nm radiation at the first order and the 30.4 nm at its 4th order, consequently the two spectroscopic channels are
overlapped on the focal plane. The grating is spherical with variable-line-spaced rulings, 1800 gr/mm central density.
The selection of the spectroscopic channel to be acquired, either the 121.6 nm or the 30.4 nm, is made by a suitable filter
wheel. The grating is multilayer-coated, to have high efficiency in both the spectral channels. In this paper we describe
the tests made on a prototype with flat surface and constant groove spacing. The measures have been carried out at the
BEAR beamline at the ELETTRA Synchrotron in Trieste (Italy). The grating was initially coated by gold and
successively by a Mo-Si multilayer optimized at 30.4 nm. The efficiencies at the first and fourth order (121.6 and 30.4
nm) have been measured before and after the multilayer deposition. The quality of the multilayer deposition has been
tested by atomic force microscope measurements on the grating surface and by reflectivity measurements performed on a
test reference mirror. The experimental data are compared with numerical simulations accounting for the coating
roughness and the smoothening effect on the blaze profile after the multilayer deposition. To our knowledge, this is the
first time that such a grating configuration is proposed.
VUV polarimetry has been recognized as one of the most powerful diagnostic tools for remote sensing of the solar
corona, with the potential of providing accurate space resolved information on magnetic activity through observation of
resonance lines of the most abundant species. In an on-going collaboration between our groups from Spain and Italy, a
program to design, build and characterize optical components for the VUV region has been activated. In particular, using
the beamline BEAR at the synchrotron facility Elettra in Trieste (Italy) we have characterized some thin film reflecting
linear polarizers, designed and optimized for the study of polarimetric properties of the HI Ly-alpha at 121.6 nm. The
characterizations are performed from 100 to 150 nm at different angles of incidence (40 – 80 deg). Some polarizers have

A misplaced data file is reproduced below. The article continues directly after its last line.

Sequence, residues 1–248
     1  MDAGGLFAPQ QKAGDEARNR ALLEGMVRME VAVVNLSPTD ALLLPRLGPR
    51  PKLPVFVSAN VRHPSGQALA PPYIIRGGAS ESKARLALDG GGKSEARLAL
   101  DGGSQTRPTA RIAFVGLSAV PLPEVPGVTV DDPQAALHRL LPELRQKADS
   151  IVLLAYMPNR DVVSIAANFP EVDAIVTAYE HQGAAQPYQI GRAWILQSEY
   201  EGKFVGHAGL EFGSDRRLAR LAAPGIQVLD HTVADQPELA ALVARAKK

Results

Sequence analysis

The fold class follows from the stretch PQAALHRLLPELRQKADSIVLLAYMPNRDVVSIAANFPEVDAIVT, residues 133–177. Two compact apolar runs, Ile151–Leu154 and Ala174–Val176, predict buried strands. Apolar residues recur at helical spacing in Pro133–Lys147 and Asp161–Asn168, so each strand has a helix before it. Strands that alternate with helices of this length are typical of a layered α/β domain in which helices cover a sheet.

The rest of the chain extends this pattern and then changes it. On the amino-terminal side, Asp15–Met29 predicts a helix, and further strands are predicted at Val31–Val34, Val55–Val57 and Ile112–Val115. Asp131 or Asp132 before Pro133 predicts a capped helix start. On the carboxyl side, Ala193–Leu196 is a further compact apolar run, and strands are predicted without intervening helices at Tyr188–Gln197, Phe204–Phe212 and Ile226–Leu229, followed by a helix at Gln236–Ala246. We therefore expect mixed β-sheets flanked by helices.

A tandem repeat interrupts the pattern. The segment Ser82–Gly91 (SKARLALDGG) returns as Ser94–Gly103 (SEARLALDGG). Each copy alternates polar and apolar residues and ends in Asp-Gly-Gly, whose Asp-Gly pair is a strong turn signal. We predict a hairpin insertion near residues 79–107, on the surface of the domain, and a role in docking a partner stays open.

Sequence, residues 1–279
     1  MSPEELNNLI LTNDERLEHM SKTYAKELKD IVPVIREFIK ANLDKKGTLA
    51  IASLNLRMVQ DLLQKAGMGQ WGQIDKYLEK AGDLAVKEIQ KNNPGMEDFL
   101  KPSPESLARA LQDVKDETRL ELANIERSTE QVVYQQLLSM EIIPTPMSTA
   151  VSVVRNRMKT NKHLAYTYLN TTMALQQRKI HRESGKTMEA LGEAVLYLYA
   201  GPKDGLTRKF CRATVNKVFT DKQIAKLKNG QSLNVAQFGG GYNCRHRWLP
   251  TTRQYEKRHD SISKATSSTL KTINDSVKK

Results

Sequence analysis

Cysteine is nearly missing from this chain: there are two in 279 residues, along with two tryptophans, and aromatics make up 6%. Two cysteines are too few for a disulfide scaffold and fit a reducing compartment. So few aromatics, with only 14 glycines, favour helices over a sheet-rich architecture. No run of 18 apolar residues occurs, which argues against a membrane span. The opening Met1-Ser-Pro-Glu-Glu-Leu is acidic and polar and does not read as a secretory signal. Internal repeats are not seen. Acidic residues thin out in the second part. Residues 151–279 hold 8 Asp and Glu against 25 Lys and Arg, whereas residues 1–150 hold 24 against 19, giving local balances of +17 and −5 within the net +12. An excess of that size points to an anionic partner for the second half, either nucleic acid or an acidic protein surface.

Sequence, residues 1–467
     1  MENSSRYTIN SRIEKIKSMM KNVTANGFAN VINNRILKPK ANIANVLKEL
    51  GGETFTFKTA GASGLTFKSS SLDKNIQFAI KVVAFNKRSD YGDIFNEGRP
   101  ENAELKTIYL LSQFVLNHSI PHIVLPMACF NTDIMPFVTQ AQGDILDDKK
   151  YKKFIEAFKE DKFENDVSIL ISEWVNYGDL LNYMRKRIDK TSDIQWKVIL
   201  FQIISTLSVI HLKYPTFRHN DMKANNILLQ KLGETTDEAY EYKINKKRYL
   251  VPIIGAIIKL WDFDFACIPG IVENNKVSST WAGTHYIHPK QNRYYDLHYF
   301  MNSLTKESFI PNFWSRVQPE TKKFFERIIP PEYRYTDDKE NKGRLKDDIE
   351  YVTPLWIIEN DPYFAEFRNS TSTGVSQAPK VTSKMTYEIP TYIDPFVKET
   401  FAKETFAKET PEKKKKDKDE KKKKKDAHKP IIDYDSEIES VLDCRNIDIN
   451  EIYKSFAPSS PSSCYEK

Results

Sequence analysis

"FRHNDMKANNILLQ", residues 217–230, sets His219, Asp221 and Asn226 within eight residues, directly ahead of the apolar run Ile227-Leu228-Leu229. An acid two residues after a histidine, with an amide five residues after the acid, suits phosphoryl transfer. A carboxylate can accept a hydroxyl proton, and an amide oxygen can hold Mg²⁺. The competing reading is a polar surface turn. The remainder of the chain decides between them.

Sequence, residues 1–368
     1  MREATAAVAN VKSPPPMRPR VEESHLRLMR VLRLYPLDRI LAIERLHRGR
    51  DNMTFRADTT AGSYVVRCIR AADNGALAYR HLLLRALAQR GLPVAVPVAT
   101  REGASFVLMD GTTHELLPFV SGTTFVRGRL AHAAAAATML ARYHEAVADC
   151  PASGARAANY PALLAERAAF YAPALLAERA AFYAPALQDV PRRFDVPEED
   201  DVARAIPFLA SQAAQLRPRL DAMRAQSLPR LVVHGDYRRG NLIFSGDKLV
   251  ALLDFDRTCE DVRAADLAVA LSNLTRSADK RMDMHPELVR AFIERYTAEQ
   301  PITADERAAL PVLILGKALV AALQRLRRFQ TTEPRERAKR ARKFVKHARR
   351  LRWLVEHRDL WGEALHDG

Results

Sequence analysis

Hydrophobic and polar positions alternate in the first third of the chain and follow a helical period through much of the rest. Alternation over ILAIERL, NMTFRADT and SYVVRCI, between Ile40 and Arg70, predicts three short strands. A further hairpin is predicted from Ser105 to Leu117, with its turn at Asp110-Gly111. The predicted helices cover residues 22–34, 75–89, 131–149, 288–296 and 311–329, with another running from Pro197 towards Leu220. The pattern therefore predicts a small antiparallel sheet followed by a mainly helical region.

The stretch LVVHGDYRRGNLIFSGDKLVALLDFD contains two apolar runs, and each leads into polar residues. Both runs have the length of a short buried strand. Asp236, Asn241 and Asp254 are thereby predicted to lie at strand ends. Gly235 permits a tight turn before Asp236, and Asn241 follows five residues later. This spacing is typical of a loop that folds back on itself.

shown excellent performances with an average reflectivity R ≈ 34% and a modulation factor exceeding 95%. The
calibration of several samples is reported and aging effects on some old samples is discussed. One of the calibrated
sample will be used for the evaluation of the performances of a new fast calibration set-up facility for VUV.
Polarimetry in the far ultraviolet (FUV) is a powerful tool for the interpretation of the role of the coronal plasma in the energy transfer processes from the inner parts of the Sun to the outer space. FUV polarimetry from space provides more accurate observations on the kinetics of the features and on local magnetic fields through the Doppler and Hanle resonant electron scattering effects. Particularly interesting lines for FUV polarimetry are H Lyman α (121.6 nm) and β (102.6 nm), along with OVI lines at 103.2 and 103.8 nm. One key element to perform polarimetry measurements at these wavelengths is the need of efficient polarizers. A limitation of the available polarizers, such as crystal plates of MgF2 and LiF working at Brewster angle, is their moderate reflectance at the non-extinguished component of the electric field, which results in a modest polarizer efficiency.
We present the design and the characteristics of a portable and compact photon spectrometer to be installed in freeelectron- laser (FEL) beamlines for photon in – photon out experiments, in particular single-shot X-ray emission spectroscopy. The instrument is operated in the 30 – 800 eV energy range with two channels and is designed to be initially used in the LDM (Low-Density Matter) and TIMEX (TIme-resolved studies of Matter under EXtreme conditions) beamlines of the FERMI@ELETTRA FEL, covering the whole spectral range of FERMI-1 and FERMI-2 emissions. The design of the instrument is tailored to achieve high spectral resolution in the whole interval of operation, high acceptance angle and high dynamic range. These characteristics are achieved in a compact environment to give a portable instrument that may be easily installed in different experimental chambers. The design consists of an entrance slit, a grazing-incidence diffraction grating and a detector. The number of elements within the optical path is kept to a single component, to minimize the losses due to reflectivity. The grating is spherical with variable line spacing along its surface, to provide an almost flat spectral focal plane that is perpendicular to the direction of the diffracted light. The detector is a back-illuminated CCD. The spectral resolution is better than 0.2% in the 30 – 800 eV region and the acceptance angles are 10 × 17 mrad in the 30-250 eV and 5 × 17 mrad in the at 250-800 eV.
The design of an imaging spectrograph operating at grazing incidence and stigmatic in a large field-of-view is
presented. It is realized coupling a double telescope and a spectrometer. The instrument may be used for XUV space
observations of extended sources, and is particularized to the Sun observation from the Earth. The performances of a
laboratory prototype are presented. This instrument covers the 4-20 nm (310-62 eV) spectral region, with a spectral
resolution of 0.1% at 10 nm and a spatial resolution of 3.5 arcsec over a field-of-view of 0.5 deg, within a total
envelope of 1.2 m. The design and the characterization of the instrument in the whole spectral region of operation